Watchers of our fine, feathered friends

Baltimore Glimpses

April 13, 1993|By Gilbert Sandler

READERS of this newspaper are accustomed to finding articles catering to their special interests: sports, bridge, automobile commuting, stamp collecting, computers, politics, TV, books, drama, movies, astrology. And once, on a semi-regular basis for 31 years from 1936 through 1967 -- birdwatching.

Those birdwatching articles were written by an Evening Sun writer and copy editor, Hervey Brackbill. (No kidding: A guy whose name sounds like a bird ought to write about them, just as Don Flowers ought to be selling flowers out in Randallstown.)

Mr. Brackbill's articles appeared perhaps three times a month, but not on a regular schedule. "I began to get interested in birds in the early '30s," says our former resident birdwatcher, still very much alive and full of love for animals avian.

"I had been finding books about ornithology here and there in the Pratt. Then one day I was up at Smith's bookstore on Howard Street, and I struck gold. I came across a whole patch of ornithological journals. Reading them stimulated me into writing the articles and joining several ornithological societies. But I was more interested in how birds lived than in simply identifying them."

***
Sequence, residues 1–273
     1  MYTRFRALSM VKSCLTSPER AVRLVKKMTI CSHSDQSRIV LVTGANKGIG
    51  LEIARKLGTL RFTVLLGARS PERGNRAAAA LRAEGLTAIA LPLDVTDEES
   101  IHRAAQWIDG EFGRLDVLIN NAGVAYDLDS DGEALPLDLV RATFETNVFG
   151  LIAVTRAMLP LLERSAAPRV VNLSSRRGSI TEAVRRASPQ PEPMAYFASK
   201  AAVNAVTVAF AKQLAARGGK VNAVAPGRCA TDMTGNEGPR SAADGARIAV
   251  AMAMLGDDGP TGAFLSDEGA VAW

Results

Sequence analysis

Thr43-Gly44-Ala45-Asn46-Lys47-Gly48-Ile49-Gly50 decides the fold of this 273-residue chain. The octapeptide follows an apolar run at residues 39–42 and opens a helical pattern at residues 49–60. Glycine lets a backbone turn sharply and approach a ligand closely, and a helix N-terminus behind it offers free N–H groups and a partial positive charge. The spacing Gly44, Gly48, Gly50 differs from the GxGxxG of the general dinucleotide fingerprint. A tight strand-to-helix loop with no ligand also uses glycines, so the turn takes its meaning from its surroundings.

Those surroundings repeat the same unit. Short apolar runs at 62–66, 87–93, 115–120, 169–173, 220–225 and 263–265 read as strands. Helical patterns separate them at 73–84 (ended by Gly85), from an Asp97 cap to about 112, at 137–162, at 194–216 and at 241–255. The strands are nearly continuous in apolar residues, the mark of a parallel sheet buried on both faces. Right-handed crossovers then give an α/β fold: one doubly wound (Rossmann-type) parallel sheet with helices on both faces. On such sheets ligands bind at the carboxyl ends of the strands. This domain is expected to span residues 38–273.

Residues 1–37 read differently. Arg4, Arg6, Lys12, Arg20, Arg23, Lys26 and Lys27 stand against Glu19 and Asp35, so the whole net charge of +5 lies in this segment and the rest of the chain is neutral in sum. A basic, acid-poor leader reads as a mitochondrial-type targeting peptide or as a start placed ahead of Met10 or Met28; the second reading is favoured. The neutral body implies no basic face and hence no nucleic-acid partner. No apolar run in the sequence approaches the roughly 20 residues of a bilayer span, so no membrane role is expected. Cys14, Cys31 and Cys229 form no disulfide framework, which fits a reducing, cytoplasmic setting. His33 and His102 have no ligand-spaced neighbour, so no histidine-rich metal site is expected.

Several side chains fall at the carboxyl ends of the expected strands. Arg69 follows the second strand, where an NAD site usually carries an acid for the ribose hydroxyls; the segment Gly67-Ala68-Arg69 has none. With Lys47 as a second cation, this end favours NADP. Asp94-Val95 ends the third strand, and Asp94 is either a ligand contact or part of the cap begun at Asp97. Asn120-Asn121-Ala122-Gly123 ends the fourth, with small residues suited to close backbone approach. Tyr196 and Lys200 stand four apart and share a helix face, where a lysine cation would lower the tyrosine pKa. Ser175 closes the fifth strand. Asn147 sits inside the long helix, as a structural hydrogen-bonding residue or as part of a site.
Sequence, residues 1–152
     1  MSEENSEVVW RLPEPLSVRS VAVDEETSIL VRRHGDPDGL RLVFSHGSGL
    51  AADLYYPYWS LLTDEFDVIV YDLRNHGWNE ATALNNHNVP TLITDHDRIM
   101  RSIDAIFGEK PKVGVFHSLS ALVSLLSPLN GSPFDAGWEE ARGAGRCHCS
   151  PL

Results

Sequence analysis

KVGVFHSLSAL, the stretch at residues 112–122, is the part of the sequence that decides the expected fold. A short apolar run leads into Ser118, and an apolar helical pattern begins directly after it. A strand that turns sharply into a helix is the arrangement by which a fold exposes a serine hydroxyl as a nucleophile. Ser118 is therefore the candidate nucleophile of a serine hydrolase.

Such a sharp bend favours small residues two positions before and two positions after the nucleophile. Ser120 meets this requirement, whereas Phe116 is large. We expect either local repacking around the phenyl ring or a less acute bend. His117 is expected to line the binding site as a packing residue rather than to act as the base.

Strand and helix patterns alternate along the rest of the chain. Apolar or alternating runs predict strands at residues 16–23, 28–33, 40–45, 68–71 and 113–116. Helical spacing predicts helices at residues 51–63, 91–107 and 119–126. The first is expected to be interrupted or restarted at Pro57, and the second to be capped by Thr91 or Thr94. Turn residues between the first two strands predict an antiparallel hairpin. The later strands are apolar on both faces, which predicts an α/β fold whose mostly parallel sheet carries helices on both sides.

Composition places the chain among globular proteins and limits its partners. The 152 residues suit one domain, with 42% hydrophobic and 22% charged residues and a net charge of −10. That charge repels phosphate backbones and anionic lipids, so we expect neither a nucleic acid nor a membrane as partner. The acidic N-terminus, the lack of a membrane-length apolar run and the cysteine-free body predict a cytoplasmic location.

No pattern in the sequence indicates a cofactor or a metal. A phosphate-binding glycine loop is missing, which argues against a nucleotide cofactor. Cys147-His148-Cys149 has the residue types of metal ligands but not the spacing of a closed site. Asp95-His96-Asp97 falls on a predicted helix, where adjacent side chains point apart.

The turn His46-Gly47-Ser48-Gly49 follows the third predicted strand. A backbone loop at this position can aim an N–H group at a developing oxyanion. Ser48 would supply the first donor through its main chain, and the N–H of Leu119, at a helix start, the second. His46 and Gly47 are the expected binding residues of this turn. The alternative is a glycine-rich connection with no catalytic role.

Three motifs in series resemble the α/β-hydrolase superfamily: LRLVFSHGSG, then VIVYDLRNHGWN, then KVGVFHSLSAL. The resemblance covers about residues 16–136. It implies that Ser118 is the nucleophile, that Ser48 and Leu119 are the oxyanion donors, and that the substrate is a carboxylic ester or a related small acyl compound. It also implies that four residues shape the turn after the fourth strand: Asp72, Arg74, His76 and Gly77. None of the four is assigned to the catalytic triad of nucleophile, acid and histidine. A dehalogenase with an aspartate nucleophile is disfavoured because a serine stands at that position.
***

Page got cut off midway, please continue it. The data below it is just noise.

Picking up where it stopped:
Other aspects of birdwatching can be read from the titles and explanations in Mr. Brackbill's articles. Here are some partial quotes:

"How the House Finch Came East

"One of the newest species to be discovered in Maryland -- and the very newest to be found here -- these birds which previously belonged no nearer than western Nebraska, are believed to be descended from a caged group released in New York City 25 years ago."

And: "How to Watch a Mocking Bird

"Observations are continued from the time the parents begin to work as a team to feed their young, to the morning 12 days later when the fledglings leave their nest; the foraging females' wing-flashings call attention to an act that ornithologists have not conclusively explained."

And: "The Song Sparrows and the Cowbirds," "The Cowbirds' Duet," "The Mixed-Up Bigamous Wren," "Egrets in Gwynns Falls" and "The Snow and the Birds." Mr. Brackbill's articles in The Evening Sun attracted national attention. He was chosen in 1963 to write the section on birds for the Harper Encyclopedia of Science.)

Mr. Brackbill, of course, isn't the only birdwatcher to hold forth in Baltimore newspapers, but so far as I know he is the only columnist. William Amelia, a Baltimore public relations man, is a serious birder who occasionally writes columns about winged creatures. Environmental writer Tom Horton and freelancer Anne Stinson, formerly of Baltimore, now of Easton, also occasionally take flight. But the pickings have been slim in recent years.

Meanwhile, I have the word of both Mr. Brackbill and Mr. Amelia that there are tens of thousands of birdwatchers and at least two birdwatching clubs in Baltimore. (And Mary Bowers, editor of Birdwatchers Digest, recently moved here.)

These birders deserve a little better coverage. Where is the Hervey Brackbill of the '90s?

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